A company that sells, services, and inspects safety equipment in the Commonwealth has sued its former manager/equipment inspector who, while still employed with the firm, allegedly put up a competing company using his wife as front.
Safety 1st Systems CNMI LLC is suing Ketson Jack Kabiriel for breach of agent’s fiduciary duty of loyalty, breach of contract of employment, breach of contract of non-competition, violation of the CNMI Consumer Protection Act, conversion, and unjust enrichment.
Safety 1st Systems, through counsel Joseph E. Horey, asked the Superior Court to hold Kabiriel liable to pay damages, restitution, court costs, and attorney’s fees.
Safety 1st Systems also asked the court to stop Kabiriel from engaging in business that will compete with the company until March 1, 2020.
It wants Kabiriel to return allegedly wrongfully converted property.
Safety 1st Systems owner Richard A. Pierce declined to speak about the lawsuit, saying it is now a matter before the court.
As of press time, Saipan Tribune was still trying to obtain comments from Kabiriel.
According to the complaint filed last week, Kabiriel was with Safety 1st Systems from 1999 until March 1, 2019.
Horey said that, in March 2016, Safety 1st Systems and Kabiriel came to an agreement, wherein Kabiriel would continue working for Safety 1st Systems for at least one more year and that, after his employment, he would not compete with plaintiff’s business for at least one year.
Safety 1st Systems now accuses Kabiriel of breaching that oral agreement, saying that Kabiriel, while still employed by Safety 1st Systems, directly competed with it on behalf of a new company called Pacific BlazeTech Service in late 2015 or early 2016.
Horey said that Kabiriel’s wife, Patrinicia, was initially a 50-percent partner and later a sole proprietor of Pacific BlazeTech.
Beginning at this time, Horey said, Kabiriel contacted Safety 1st Systems’ customers and inspected their fire extinguishers for Pacific BlazeTech, affixing a tag or sticker to the extinguishers indicating that they had been inspected by Pacific BlazeTech, and collecting the payment for Pacific BlazeTech.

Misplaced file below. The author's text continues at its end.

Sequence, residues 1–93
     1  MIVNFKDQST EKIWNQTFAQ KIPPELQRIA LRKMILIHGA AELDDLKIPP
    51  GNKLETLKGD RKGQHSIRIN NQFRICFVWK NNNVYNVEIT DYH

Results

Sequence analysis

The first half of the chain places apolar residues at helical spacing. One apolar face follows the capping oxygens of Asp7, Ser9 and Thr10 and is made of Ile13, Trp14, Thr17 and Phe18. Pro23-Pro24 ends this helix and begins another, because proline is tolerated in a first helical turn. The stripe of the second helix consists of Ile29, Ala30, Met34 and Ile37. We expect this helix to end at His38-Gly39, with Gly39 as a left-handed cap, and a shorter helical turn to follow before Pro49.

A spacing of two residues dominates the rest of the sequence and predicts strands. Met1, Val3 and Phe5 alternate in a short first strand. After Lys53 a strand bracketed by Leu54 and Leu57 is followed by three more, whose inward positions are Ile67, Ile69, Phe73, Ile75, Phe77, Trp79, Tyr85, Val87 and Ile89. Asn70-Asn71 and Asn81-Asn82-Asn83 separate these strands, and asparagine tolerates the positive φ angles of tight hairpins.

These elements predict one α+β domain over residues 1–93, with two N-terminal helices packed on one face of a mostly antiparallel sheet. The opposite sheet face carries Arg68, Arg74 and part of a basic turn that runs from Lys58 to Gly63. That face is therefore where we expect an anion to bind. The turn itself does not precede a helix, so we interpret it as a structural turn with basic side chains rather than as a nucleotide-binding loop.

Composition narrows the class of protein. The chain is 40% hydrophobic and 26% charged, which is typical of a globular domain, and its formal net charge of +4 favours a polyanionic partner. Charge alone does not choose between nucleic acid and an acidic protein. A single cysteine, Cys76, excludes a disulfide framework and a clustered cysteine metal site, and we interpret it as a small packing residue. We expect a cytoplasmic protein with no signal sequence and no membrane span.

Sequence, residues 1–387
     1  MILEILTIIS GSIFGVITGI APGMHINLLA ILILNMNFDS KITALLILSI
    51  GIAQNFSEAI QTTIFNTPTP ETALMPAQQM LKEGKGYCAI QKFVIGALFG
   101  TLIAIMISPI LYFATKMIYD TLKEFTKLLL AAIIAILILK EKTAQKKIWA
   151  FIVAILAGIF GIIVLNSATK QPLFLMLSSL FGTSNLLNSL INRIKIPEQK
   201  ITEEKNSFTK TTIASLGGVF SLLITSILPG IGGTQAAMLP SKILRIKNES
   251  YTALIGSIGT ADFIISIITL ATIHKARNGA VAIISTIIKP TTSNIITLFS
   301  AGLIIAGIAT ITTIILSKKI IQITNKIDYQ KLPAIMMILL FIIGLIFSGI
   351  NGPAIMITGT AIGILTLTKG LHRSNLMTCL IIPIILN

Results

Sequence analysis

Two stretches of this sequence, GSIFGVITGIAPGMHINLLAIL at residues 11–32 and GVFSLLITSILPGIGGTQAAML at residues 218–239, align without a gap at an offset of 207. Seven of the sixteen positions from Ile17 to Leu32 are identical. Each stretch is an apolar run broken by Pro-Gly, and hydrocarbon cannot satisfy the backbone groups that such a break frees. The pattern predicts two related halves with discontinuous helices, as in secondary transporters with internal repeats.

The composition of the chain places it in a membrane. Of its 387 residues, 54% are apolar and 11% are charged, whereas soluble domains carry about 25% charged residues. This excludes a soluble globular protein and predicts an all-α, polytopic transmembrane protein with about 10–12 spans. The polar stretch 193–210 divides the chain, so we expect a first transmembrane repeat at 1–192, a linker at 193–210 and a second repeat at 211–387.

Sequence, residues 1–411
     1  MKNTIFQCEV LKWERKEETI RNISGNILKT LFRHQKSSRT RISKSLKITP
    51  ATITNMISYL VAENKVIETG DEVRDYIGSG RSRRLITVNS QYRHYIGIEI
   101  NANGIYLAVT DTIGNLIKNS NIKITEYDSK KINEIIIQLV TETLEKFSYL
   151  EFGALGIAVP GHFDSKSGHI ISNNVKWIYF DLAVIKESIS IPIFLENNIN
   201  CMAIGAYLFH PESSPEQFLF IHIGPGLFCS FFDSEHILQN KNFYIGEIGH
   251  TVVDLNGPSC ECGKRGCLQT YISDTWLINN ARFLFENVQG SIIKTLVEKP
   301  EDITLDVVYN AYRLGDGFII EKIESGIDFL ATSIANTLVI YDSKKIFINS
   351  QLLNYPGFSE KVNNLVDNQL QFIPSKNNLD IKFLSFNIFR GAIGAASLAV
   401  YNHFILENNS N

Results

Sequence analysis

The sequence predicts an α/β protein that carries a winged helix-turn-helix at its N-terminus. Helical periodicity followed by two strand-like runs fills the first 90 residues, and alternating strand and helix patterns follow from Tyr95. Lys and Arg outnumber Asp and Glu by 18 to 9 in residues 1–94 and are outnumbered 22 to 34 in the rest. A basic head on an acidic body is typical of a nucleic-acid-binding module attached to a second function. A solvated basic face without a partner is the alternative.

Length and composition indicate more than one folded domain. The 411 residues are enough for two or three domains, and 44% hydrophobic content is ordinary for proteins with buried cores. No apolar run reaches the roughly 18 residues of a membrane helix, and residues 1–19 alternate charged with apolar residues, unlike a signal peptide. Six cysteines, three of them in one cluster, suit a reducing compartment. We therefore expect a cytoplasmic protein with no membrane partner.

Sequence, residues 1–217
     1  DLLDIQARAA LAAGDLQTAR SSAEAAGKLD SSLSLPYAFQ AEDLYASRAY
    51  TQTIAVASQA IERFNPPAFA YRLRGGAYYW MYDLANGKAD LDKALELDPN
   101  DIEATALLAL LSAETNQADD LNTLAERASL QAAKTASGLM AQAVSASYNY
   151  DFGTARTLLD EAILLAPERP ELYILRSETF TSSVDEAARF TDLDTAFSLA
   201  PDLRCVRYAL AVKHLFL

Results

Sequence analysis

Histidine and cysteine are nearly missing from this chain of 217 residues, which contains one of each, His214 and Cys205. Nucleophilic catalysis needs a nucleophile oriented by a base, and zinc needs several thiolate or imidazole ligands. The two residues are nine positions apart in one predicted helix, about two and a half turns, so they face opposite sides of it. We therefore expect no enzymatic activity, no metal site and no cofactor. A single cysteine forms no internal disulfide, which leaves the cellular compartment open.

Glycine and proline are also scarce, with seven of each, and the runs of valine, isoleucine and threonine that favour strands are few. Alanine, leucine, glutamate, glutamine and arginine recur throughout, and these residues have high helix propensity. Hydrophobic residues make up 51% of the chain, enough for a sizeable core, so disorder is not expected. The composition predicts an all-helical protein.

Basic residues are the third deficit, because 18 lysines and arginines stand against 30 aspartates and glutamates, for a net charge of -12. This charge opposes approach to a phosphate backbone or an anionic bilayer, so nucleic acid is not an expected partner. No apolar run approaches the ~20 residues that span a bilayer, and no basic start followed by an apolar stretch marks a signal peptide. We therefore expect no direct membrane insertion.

In some instances, Kabiriel allegedly informed customers that he was inspecting their fire extinguishers, and collecting their payment, as a representative of Pacific BlazeTech rather than as a representative of Safety 1st Systems.
On at least one occasion, Horey said, Kabiriel gave a customer a price quotation for inspection services on behalf of Safety 1st Systems, then later provided a customer a price quotation for the same service on behalf of Pacific BlazeTech, advising the customer the Pacific BlazeTech could do the same work just as well as plaintiff, and less expensively.
Horey said that several customers, who understood Kabiriel to be Safety 1st Systems’ employee, went to the plaintiff’s shop for inspection of certain equipment, unaware that Kabiriel did the prior inspection of the same equipment on behalf of Pacific BlazeTech.
On at least one occasion, during his employment with plaintiff, Kabiriel allegedly submitted a competitive bid on behalf of Pacific BlazeTech for a contract servicing and inspecting a customer’s fire extinguishers, while neglecting to submit a bid for the same contract on behalf of Safety 1st Systems.
Kabiriel allegedly used his familiarity with Safety 1st Systems’ confidential business information, including business plan, lists of suppliers and customers, catalogs of equipment, pricing systems, customers’ inspection schedules, and overall familiarity with customers’ particular needs and concerns, to do business for Pacific BlazeTech.
Horey said in late 2018, Kabiriel entered into discussions, leading to an agreement, with a person whereby Kabiriel would continue with his competitive business activity, but would shift its operations from Pacific BlazeTech to a company controlled by that person.
The person would open a shop and do business under the name Safety Management System, from which shop Kabiriel would allegedly operate.
Horey said that last March 1, Kabiriel quit working for the Safety 1st Systems.
From that time until the present, Kabiriel has allegedly acted as sales representative and equipment inspector for Safety Management System, while Safety Management System has engaged in the business of sales and service and inspection of safety equipment for the home and workplace.
During that time, Horey said, Kabiriel has sold, services, and inspected, and continues to sell, service, and inspect, workplace safety equipment in direct competition with Safety 1st Systems.
The lawyer said Kabiriel has “willfully engaged in acts and practices which are unfair or deceptive to the consumer, all in violation of the CNMI Consumer Protection Act.” (Ferdie de la Torre)